Microsoft’s Mixer fate is looking a lot like Windows Phone at the moment » OnMSFT.com

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As the cinematic streaming wars begin to heat up, so too is the competition between game streaming services and right now, things aren’t looking good for Microsoft.

Six years ago, Amazon purchased game streaming behemoth Twitch for roughly $1 billion. Despite being the default aggregator of reposted game streaming content, Google decided to put its big boy pants on and rolled out its own dedicated YouTube Gaming experience in 2016. Bringing up the rear in terms of game streaming options comes Microsoft with its purchase of Beam Interactive in 2016 which ultimately became Mixer in 2017.

Since the acquisition and rollout dust has settled, it’s now crunch time for the services to churn viewership into revenue and similar to its situation with Windows Phone/Mobile, Microsoft finds itself in an untenable position in both the market and community zeitgeist.

After recently controlling the headline cycle with its acquihire of famed game streamer Ninja in 2019, Microsoft’s Mixer platform saw itself enamored with a handful of other former Twitch streamers coming to the platform and lending credence to the service by way of their varying degrees of industry celebrity.

Unfortunately, Mixer’s current market and mindshare trajectory are becoming eerily reminiscent of Microsoft’s Windows Phone/Mobile days, where systemic engineering problems and muddled community communications erode would-be platform intriguing moves.

Lumia Windows Phone

Over the past year, news continues to trickle out about gamers who stream on the platform, becoming ultimately frustrated and disenfranchised with their decision to either move to or create channels on Mixer.

In most cases, the disillusionment isn’t from blind fanboyism to Twitch, Google or any other service, but by the lack of competitive features which leads to a handicapped streaming experience that ultimately hurts the gamers’ viewership numbers and their bottom line payout.

Also mirroring some of the same narratives of Windows Phone are the inflated numbers (aka spark farms) being used to prop up the service while Microsoft scrambles to promote more flashy endorsement deals.

Senior Editor of Windows Central and gaming journalist Jez Corden took to Twitter the other day to consolidate a list of grievances some streamers are having with Mixer and the thread is a treasure trove of feedback, Microsoft may want to look at.

In particular, a tweet response from Keith “Shadowhaxor” Mitchell who points to a post on Geekbravdo.com where author Parallax Abstraction offers a rather descriptive and informative breakdown of what’s wrong, missing and plain not working, from someone who’s been native to the Mixer platform since 2017.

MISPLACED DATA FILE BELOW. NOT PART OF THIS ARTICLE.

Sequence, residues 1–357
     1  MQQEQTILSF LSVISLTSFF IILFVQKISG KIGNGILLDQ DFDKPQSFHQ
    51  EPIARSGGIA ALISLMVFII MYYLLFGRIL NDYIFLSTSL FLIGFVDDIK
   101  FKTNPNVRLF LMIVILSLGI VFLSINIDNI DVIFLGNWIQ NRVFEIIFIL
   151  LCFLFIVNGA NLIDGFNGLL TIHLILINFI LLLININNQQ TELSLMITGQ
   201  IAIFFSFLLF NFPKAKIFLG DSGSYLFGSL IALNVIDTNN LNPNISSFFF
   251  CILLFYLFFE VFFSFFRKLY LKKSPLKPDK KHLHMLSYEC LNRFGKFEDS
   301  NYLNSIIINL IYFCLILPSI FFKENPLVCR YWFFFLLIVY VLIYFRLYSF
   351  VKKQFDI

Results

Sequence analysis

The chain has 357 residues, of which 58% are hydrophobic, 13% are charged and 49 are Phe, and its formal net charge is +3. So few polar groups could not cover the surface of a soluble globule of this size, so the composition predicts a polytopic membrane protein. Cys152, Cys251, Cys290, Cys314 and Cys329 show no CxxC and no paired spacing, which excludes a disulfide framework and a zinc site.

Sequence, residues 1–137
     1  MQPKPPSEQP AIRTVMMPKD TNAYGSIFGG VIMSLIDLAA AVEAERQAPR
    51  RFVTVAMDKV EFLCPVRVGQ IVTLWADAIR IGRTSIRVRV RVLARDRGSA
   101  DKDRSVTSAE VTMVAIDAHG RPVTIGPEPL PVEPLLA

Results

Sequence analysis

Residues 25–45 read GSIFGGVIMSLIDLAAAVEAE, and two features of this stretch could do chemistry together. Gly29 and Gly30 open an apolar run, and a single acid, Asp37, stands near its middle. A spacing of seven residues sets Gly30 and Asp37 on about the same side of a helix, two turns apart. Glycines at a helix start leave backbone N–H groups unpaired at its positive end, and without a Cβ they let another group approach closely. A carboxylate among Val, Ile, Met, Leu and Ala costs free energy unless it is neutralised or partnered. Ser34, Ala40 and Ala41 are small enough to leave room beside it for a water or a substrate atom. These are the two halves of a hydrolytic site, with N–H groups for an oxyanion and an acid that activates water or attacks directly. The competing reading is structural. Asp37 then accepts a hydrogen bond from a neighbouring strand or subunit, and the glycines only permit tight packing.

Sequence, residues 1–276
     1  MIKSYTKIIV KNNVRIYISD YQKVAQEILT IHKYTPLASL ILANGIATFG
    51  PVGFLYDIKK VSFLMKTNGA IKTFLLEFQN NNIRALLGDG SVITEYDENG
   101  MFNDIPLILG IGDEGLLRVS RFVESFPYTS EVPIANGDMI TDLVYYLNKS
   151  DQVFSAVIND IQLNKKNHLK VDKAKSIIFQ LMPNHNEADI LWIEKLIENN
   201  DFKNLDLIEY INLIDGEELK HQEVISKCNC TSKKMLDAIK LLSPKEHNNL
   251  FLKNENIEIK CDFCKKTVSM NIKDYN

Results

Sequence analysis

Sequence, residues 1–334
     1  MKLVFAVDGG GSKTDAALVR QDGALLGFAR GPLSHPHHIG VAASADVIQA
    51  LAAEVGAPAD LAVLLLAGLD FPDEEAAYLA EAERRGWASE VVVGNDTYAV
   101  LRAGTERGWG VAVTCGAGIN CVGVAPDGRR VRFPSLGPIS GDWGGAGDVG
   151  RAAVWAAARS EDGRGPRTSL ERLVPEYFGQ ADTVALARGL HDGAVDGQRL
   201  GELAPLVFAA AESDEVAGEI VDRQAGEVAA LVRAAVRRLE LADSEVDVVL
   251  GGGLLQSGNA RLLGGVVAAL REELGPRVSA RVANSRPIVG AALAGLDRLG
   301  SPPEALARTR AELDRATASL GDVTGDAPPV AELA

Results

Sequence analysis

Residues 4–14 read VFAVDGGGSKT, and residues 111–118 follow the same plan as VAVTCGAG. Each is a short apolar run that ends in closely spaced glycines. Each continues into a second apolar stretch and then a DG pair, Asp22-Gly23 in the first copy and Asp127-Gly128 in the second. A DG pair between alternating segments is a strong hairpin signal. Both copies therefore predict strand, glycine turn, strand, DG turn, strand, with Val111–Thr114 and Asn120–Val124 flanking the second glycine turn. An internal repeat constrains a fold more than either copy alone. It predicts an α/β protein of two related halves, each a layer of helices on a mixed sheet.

Rather than exhaustively detail all of the concerns I and many others have, let’s just rapidly bullet-point a bunch of the common ones, in no particular order:

Parallax notes that the above list is only a “rough list of the most common issues.” Perhaps, the largest underlying frustration is that streamers on Mixer have been trying to use as many feedback channels as possible to address the growing list of issues, but most complaints go unnoticed.

Like all Microsoft products and services, Mixer has a UserVoice site, a place where the community can request features, comment and vote up the ones most important to them. In theory, this is supposed to help drive Mixer’s development priorities but Mixer hasn’t responded to anything posted there in at least a year if not more. Most of the top voted ideas haven’t even been acknowledged, must less actioned. This gives the appearance of at best apathy and at worst, disdain towards the needs of the community.

The sentiment has rings similar to what happened with Windows Phone development, where engineers and PR people were seeming stuck in a tug-of-war between trying to advocate for the product but keep certain release features a secret until formally announced.

During the interim, fans, users and journalists came up with their own homespun theories that littered the internet faster than Microsoft was willing to address, ultimately becoming the narrative the company had to chase rather than explain.

Often times, a company may go dark before a big release, but it’s been over a year since the community has heard any meaningful feedback or announcements from the Mixer team.

Further compounding frustrations are the NDA deals that continue to surface with no insight into the platform development, making it seem as though Microsoft is more intrigued by spending cash on a handful of names rather than investing in the smaller channels trying to flush out the service.

In the end, the strategy of spending millions to get Flipboard, Facebook and Instagram on the Windows Phone platform while ignoring API’s, codecs, and developer tools, didn’t help save Windows Phone and it looks like it’s not doing much to help Mixer.

There may be things in the works that a select few brand ambassadors are privy to, but now is seemingly not the time to play favorites with information vital to the very people who want to help the platform stay competitive.

Unlike the Windows Phone era, Microsoft isn’t trying to wedge itself into a third-place option. Mixer has a chance to become a strong and thriving alternative to Twitch in the market, but as of right now, the company appears to be squandering opportunities.

Hopefully, there will be plenty of news and information coming to streamers in 2020 as the company lines up Xbox Series X, xCloud, and gaming content for the year, but if the situation continues to hold as present, it’s not that hard to envision Mixer’s future following that of Windows Phone, to nowhere.

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